Moscow: A New Ambassador and the Bad Old Days

On Sept. 5, way back at the beginning of this trip, David and I received an email titled "Good Luck." It was from William Burns, the new U.S. ambassador to Russia, and he'd taken time out of his first month on the job to say he was looking forward to following our blog.

I'll admit it: this provoked some excited hooting and jumping around. At the time, we were in Vladivostok, and Hurricane Katrina was dominating the news to the extent that we wondered whether anyone could even find our little blog. So getting a note from the U.S. ambassador to Russia was cause for major excitement.



Photo Gallery: Though much of Moscow has changed since 1995, crowds still mill about on Red Square, in front of the historical museum. (David Hillegas)

Yesterday, we got to visit with Ambassador Burns in the U.S. embassy building, as well as at the palatial ambassador's residence, Spaso House. Tall and composed, the ambassador has a quietly sincere manner and an appealing habit of looking you right in the eye. True to his word, he's been following the blog, and we spent a pleasant half-hour talking about the changes in Russia over the last 10 years.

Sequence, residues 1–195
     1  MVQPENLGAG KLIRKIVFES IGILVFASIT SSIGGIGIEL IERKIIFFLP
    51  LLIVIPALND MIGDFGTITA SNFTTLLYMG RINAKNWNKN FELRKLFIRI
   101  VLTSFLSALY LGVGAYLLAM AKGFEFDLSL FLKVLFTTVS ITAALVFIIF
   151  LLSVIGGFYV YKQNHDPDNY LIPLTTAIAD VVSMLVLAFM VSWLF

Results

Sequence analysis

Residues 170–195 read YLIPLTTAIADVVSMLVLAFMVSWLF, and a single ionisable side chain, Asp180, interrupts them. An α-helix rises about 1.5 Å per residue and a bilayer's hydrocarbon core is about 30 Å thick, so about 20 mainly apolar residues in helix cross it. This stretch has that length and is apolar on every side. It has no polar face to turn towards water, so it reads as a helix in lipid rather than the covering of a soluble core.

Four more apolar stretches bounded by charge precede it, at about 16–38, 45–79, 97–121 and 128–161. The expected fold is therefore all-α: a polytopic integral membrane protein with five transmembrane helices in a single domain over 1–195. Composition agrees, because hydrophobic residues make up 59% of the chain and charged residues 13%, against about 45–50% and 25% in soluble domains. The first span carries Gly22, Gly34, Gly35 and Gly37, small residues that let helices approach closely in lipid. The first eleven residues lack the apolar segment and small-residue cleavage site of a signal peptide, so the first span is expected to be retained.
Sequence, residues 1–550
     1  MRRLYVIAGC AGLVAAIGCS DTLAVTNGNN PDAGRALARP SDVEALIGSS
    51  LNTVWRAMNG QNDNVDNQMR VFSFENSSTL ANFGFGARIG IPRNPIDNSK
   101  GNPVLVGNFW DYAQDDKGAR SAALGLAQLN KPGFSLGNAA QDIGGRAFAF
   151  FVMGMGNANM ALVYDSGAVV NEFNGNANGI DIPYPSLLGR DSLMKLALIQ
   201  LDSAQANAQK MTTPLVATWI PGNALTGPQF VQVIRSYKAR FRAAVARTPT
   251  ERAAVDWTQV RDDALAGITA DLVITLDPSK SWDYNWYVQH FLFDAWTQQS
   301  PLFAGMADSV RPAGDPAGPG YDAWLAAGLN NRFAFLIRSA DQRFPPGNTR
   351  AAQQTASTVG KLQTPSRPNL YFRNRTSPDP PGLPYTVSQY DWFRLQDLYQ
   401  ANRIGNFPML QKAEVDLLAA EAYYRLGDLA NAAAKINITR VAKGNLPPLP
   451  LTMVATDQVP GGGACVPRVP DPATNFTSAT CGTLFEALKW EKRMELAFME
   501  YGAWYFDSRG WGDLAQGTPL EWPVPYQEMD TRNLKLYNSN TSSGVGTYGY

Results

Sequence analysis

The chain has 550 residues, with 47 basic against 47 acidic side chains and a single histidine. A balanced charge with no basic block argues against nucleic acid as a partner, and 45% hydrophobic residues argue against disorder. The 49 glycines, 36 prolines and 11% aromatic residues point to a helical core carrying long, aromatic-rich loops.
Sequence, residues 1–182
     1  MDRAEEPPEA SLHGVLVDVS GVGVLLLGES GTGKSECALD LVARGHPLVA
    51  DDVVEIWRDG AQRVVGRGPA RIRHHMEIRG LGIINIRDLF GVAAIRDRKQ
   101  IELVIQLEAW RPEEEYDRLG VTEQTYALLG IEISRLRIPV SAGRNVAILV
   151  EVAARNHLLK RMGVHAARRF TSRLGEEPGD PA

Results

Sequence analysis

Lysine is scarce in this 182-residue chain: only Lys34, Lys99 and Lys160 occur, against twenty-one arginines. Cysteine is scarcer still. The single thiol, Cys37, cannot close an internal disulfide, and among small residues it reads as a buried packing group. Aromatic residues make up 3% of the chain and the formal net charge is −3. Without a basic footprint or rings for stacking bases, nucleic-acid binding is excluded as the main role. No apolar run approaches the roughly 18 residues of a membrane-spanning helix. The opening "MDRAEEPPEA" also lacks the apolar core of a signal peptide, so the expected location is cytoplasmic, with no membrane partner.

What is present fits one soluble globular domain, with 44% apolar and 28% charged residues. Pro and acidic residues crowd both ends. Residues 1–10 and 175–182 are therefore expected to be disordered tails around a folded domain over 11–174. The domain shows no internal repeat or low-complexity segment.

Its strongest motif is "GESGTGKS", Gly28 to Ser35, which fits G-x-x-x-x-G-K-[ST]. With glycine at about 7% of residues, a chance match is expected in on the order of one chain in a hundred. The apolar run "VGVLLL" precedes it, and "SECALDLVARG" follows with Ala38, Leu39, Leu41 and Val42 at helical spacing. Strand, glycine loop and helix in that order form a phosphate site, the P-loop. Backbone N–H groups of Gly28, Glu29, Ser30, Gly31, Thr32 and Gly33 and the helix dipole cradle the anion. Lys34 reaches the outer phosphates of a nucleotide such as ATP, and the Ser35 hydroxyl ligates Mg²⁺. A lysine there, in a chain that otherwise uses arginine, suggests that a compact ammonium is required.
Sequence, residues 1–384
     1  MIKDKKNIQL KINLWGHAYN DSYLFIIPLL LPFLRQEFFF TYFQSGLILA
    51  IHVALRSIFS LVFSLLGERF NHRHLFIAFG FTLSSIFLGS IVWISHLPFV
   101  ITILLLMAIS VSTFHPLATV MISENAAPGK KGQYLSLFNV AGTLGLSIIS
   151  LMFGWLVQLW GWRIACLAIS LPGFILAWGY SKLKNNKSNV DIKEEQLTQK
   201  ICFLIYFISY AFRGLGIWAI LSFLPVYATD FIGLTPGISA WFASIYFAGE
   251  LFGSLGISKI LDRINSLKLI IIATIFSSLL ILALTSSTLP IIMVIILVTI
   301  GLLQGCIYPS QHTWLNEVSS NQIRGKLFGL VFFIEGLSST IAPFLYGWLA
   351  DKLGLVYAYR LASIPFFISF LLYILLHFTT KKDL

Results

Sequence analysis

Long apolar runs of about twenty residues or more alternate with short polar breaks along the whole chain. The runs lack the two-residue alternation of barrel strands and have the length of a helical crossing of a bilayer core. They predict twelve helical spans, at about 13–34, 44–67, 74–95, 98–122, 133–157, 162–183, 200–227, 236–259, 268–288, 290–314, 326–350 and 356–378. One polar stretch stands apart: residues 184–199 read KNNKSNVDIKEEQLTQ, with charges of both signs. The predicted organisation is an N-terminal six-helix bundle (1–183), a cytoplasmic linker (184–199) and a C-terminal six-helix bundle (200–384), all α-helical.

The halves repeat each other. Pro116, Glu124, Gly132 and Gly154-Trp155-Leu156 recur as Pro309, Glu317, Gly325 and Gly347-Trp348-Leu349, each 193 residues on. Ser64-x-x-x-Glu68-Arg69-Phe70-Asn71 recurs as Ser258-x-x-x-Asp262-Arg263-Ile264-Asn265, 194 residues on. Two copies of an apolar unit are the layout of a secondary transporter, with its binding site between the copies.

But for me, coming back to the embassy stirred memories of even longer ago: Back in 1988, I worked as a nanny for a diplomatic family stationed in Moscow. We lived in an apartment inside the brick-walled embassy compound, and it was a truly wacky time -- as freakily paranoid as any Cold War novel would have you believe.

The Soviet Union was still intact then, and the restrictions placed on Americans working at the embassy were incredibly tight. Embassy rules stated that we couldn't meet alone with Russians under any circumstances, period. If we wanted to socialize with Russians, we had to go in pairs, then immediately file reports answering the following: Who were we with? Where did we go? What did we do? What did we talk about? I hated reporting on my Russian friends, so I always tried to fill out the forms as sketchily as possible.